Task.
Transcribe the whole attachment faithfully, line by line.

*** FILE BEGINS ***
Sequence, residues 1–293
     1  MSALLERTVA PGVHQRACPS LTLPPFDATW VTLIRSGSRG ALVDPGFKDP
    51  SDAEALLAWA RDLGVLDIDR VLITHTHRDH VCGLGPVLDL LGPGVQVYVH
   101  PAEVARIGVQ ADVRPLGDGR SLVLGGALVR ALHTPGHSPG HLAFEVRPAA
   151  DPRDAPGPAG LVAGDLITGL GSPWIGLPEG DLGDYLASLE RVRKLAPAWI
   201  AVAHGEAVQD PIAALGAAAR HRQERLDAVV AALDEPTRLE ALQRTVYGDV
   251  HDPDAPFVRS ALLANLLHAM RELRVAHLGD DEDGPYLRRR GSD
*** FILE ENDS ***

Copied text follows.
Sequence, residues 1–293
     1  MSALLERTVA PGVHQRACPS LTLPPFDATW VTLIRSGSRG ALVDPGFKDP
    51  SDAEALLAWA RDLGVLDIDR VLITHTHRDH VCGLGPVLDL LGPGVQVYVH
   101  PAEVARIGVQ ADVRPLGDGR SLVLGGALVR ALHTPGHSPG HLAFEVRPAA
   151  DPRDAPGPAG LVAGDLITGL GSPWIGLPEG DLGDYLASLE RVRKLAPAWI
   201  AVAHGEAVQD PIAALGAAAR HRQERLDAVV AALDEPTRLE ALQRTVYGDV
   251  HDPDAPFVRS ALLANLLHAM RELRVAHLGD DEDGPYLRRR GSD